As published by Kevin Peesker on Microsoft Canada’s News Centre site.
In today’s digital era, broadband connections are indispensable. Broadband facilitates many of our most basic needs like access to healthcare, education and employment opportunities. Connectivity is a service that is as critical as a phone or electricity. Improved access to quality, high-speed internet will remove barriers for many rural and remote First Nations communities allowing for further Indigenous economic development. Current reality is uneven distribution of broadband access remains a significant barrier to many rural and remote First Nations, Metis and Inuit communities.
Announcing Coastal First Nations Connectivity (CFNC) Network
Addressing this issue head-on requires cross-industry collaboration. The private sector and public sector must collaborate with Indigenous-led communities to support the regional needs in ways that work for the residents of remote areas. Success can only happen with community-led initiatives. It is critical that the communities most in need are full partners in the process, driving connectivity solutions that work for them, and have access to the resources that are best suited to their needs.
Today we announced that through our work with the Digital Technology Supercluster, we are supporting the Coastal First Nations Connectivity (CFNC) Network. Led by Coastal First Nations, this project will hire and train skilled connectivity community members who will facilitate discussions among communities along British Columbia’s Central, North Coast and Haida Gwaii to access and leverage broadband.
Alongside our partners LlamaZoo, Rogers Communications, First Nations Technology Council, Vancouver Island University, Innovation Island and Taking IT Global, we will work with connectivity leaders to deploy digital infrastructure and on the ground IT training, as well as create community digital upskilling opportunities. This effort will help remove barriers to work, education and healthcare, and empower a path forward for economic development.
Closing the Connectivity Gap
As part of our Airband Initiative, Microsoft has helped deploy high-speed internet connectivity to underserved communities around the world, tapping into the unused broadcasting frequencies of television white spaces. Through our work we understand that simply plugging in an ethernet cable doesn’t solve the digital divide. Rural communities need resources beyond infrastructure to rebuild and empower growth. That’s why much of our work goes beyond connectivity and focuses on increasing access to digital skills. Since the beginning of the pandemic we’ve been able to provide over 1 million Canadians easier access to digital skills training and data to identify in-demand jobs and the skills needed to fill them through our Global Skills Initiative.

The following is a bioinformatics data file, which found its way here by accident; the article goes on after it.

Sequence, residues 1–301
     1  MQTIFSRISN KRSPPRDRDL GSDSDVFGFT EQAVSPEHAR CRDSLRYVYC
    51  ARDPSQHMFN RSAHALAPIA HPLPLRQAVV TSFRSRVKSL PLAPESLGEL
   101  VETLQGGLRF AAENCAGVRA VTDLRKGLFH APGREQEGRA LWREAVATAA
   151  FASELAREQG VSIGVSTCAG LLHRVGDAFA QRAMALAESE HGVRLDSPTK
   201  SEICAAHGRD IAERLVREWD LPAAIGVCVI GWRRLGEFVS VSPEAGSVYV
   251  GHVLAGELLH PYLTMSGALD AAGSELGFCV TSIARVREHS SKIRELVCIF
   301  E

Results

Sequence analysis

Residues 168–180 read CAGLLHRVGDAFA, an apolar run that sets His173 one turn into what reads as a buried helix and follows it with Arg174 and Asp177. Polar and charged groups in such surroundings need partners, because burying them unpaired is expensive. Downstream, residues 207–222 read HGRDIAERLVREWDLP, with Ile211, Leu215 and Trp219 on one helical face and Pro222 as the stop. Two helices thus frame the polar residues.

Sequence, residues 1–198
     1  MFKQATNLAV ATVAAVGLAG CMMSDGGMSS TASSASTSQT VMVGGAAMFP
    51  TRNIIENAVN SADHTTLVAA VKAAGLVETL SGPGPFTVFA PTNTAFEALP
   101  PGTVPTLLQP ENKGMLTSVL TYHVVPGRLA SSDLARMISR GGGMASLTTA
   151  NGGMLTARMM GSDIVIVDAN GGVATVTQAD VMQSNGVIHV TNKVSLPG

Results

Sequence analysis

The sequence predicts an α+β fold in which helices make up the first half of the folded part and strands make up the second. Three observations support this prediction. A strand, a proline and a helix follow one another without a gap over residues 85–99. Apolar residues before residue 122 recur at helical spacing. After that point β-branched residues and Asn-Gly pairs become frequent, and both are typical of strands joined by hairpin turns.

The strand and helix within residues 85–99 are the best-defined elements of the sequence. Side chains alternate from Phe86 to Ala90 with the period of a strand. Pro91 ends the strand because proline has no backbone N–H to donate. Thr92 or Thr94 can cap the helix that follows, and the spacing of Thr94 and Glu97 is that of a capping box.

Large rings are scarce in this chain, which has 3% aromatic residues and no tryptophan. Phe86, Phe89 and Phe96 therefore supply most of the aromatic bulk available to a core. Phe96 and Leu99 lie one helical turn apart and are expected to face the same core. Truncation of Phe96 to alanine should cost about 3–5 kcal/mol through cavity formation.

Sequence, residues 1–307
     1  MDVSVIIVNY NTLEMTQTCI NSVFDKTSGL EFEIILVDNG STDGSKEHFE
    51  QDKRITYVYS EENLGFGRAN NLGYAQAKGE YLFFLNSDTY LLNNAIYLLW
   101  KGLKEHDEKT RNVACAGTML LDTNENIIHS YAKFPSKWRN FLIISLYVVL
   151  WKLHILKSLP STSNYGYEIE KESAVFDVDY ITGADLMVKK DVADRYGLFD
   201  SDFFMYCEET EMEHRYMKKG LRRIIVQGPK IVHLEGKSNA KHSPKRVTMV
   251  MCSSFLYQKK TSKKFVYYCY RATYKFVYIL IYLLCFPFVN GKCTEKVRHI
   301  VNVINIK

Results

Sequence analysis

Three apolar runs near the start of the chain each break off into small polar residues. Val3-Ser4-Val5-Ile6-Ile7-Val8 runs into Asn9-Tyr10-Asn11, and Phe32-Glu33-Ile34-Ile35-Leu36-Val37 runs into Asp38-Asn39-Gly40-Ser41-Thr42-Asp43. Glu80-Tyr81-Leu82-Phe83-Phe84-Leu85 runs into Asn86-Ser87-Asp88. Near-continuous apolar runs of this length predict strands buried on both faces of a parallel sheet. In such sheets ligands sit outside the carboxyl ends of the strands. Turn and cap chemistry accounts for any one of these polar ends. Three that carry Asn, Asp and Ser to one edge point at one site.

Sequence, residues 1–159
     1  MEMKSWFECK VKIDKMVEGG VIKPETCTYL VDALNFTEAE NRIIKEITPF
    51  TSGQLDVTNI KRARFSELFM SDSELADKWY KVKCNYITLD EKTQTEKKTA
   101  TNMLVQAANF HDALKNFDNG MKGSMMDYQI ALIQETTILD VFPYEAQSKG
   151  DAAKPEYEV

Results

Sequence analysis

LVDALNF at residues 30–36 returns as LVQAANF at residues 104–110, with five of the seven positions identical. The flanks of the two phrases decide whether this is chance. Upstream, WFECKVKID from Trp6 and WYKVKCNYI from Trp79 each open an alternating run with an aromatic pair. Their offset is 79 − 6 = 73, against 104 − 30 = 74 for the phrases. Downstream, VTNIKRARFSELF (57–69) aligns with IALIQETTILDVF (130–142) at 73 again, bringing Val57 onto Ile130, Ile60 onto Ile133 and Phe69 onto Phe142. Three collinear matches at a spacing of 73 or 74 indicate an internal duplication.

Recently, the Government of British Columbia announced an investment to expand the Canadian Tech Talent Accelerator program. Through this program, we are working alongside the Digital Technology Supercluster, NPower Canada and Blueprint to help young people gain in-demand digital skills needed to confidently enter technology careers. With priority given to Indigenous, Black, people of colour (IBPOC), women, 2SLGBTQ+ people, Newcomers and people living with disabilities, B.C.’s investment will provide up to 2,000 B.C. residents access to first-rate digital skills training.
Microsoft stands ready to play our role as a digital ally as we acknowledge and embrace Indigenous identities, cultures and traditional knowledge. There’s still a lot of work to be done to address the connectivity gap and the pandemic has only intensified the digital divide. However, by working together we have an enormous opportunity to put technology to work, promote remote work and foster technology ecosystems in rural and First Nations communities. Combining knowledge with technology, skill-building and education, we believe that we can reimagine a future where every human can experience equality and respect.